The bus falls into none of those categories. HART’s vehicle is a dressed up bus, period. Just like MetroRapid is just decent bus service, not BRT. By misstating what it is actually offering to the public, HART just muddles the discussion about real transit alternatives. That is something we really do not need.
In the same vein, there was a column in the Tribune regarding Go Hillsborough entitled “Maybe buses really are the transit answer (for now, anyway)” , which pretty much made that point. The column pointed out that bus ridership is up (as is the streetcar) and noted that there are people who oppose rail. It noted that there are people who will never ride buses. Fine. The reality is that buses are only the transportation answer if the question is how to not really solve our transportation problem – or if the question is what is the feeder system for a real transit system. As the columnist noted:
I’m not completely sold. Thousands of people are moving into the area and more are on the way. Maybe I’m thinking 10 to 15 years down the tracks, so to speak, but one of these days we’re going to need a rail system.
The reality is that it will take that long to get rail even if we start tomorrow – to think otherwise is just deluding yourself. The fact is that other areas are building themselves properly. Either we compete or we don’t. Waiting only makes things more expensive and puts us further behind. We cannot afford that.
In any event, we’ll know how serious any Hillsborough transportation proposal might be on June 11, when the consultants hired by the County to find out what they people they are supposed to represent might want. The Times article gives an idea:
The tension felt within that group is indicative of conflicts within the county. According to research gathered from previous meetings, those in the northeast and northwest agree resources need to be spent on both roads and transit. But things are more polarizing for central and south Hillsborough: those in the center of the county want the focus on transit only, while those in south county clamor for the roads to be fixed first before anything else.
Frankly, we just do not think it is that hard. Build more roads in the south County and put more into real transit around Tampa and its immediate suburbs. But, then again, it was not that hard before either. The big problem is the political culture and the confused discussion and lack of leadership it creates. And that failure to seriously address the transportation issue while other areas move ahead leaves us at a competitive disadvantage now and for the foreseeable future.
Downtown/Channel District – Moving Dirt?
It seems that the first infrastructure improvements for the Lightning owner’s project are scheduled for this summer:
Organizers hope to begin work on roads, utility pipes and other infrastructure for the project in August, said Jim Shimberg, executive vice president and general counsel for the Lightning. Construction of the first buildings could begin in 2016.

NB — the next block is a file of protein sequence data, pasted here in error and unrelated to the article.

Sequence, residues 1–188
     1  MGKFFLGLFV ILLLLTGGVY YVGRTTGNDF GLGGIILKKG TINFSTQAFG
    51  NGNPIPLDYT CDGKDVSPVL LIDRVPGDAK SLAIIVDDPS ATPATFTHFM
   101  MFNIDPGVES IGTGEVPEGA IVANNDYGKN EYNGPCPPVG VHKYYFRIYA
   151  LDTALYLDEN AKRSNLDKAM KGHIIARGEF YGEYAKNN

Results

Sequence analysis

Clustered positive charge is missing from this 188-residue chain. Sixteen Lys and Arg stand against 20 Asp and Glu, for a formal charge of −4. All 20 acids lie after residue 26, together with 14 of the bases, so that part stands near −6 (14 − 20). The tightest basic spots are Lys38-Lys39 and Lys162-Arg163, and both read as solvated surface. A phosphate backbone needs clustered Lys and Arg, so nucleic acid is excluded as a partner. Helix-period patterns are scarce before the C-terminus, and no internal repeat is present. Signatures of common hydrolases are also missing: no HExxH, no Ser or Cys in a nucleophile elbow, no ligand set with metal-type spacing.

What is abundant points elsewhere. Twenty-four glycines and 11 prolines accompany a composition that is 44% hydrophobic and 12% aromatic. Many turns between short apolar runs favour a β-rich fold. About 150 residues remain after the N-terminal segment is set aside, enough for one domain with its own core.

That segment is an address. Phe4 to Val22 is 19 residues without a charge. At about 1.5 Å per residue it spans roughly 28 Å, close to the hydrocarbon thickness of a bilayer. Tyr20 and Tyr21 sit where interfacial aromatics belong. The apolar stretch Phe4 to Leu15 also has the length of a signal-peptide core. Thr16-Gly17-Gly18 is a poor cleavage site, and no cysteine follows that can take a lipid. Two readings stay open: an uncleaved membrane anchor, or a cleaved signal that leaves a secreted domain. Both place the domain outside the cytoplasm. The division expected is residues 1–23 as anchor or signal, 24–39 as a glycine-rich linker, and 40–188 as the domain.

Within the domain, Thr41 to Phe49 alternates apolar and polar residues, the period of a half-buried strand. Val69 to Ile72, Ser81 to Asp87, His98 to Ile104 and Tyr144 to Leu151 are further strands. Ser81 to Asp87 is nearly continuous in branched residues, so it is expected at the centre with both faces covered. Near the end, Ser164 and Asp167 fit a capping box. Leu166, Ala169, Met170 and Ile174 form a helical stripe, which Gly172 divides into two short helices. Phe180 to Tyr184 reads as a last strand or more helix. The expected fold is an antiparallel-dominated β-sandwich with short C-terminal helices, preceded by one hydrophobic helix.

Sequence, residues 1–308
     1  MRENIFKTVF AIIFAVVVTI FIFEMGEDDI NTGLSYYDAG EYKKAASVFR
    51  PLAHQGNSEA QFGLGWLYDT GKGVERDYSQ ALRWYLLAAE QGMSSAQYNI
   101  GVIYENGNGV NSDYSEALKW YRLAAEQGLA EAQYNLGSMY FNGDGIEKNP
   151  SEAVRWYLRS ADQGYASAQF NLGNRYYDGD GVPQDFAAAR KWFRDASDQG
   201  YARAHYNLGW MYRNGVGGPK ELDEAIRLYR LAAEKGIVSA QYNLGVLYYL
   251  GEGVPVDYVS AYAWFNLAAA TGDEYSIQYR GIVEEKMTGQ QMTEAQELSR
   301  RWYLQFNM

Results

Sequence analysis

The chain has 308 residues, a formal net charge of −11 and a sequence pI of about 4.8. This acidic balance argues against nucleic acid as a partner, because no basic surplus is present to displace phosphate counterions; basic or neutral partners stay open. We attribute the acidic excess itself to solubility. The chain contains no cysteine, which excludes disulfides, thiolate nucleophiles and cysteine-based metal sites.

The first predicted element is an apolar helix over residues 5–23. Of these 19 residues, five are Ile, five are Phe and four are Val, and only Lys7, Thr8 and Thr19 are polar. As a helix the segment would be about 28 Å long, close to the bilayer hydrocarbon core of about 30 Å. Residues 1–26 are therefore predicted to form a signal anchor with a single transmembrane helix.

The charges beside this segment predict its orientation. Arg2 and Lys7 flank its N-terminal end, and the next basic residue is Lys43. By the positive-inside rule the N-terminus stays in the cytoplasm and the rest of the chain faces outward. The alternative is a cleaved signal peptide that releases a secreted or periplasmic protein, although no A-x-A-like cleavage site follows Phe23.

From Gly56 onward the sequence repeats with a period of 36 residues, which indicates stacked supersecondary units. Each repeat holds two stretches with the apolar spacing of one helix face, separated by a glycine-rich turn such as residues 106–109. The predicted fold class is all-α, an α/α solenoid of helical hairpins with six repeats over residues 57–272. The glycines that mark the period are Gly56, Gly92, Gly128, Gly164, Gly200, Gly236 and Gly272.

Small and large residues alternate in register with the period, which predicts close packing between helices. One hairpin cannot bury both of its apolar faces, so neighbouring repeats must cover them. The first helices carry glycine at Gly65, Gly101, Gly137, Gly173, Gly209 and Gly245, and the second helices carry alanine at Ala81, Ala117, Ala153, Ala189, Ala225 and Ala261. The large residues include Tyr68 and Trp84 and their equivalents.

That’s fine, though it would be nice to get buildings out of the ground sooner than 2016.
Vinik’s development team has been meeting with Tampa officials weekly, and Shimberg said everyone understands City Hall is eager to see the launch of the project, which is getting private financing from an investment fund controlled by Microsoft founder Bill Gates.
We are sure that the City is anxious to get the project moving, especially considering that it involves about half of downtown and the City does not really have much control over it.
Still to be determined: how much state funding will be available for a key piece of Vinik’s project, the University of South Florida’s planned new 12-story Morsani College of Medicine and USF Health Heart Institute.
Vinik is donating land at Channelside Drive and Meridian Avenue for the USF project, and the university is seeking nearly $33 million from the Legislature this year for the medical school building ($17 million) and heart institute ($15.75 million). USF hopes to see the Legislature appropriate another $40 million for the medical school building over the next two years.
Meanwhile, the Legislature ended its regular session early without coming up with a budget, and the House and Senate plans include different amounts of money, levels of detail and funding strategies for university construction projects. A three-week special session to complete the budget is scheduled to start next week.
Despite uncertainty over the state budget as a whole — a controversy driven by the debate over whether to expand Medicaid — several Hillsborough legislators say local lawmakers are on the same page about the importance of supporting USF’s request.
We are not sure it should be the #1 priority of the legislative delegation, but, then again, what else local is there other than the transportation, which is still a mess?
“It’s a tremendous opportunity for our community,” state Sen. Tom Lee, R-Brandon, who chairs the Senate Appropriations Committee, said at the same event. “Bob Buckhorn’s probably the luckiest mayor in America right now.”
Indeed, to have a large development with good funding (during a recovery) fall into your lap (not to mention people like the Airport Director and a new, aggressive strategy that was put in place before he took office) is very lucky. In any event, the timing of the USF Med School construction is thus:
A key question, USF assistant vice president for government relations Mark Walsh said, will be what can legislators afford to do, and what funding mechanism will they use. The size of the appropriation could affect the construction schedule.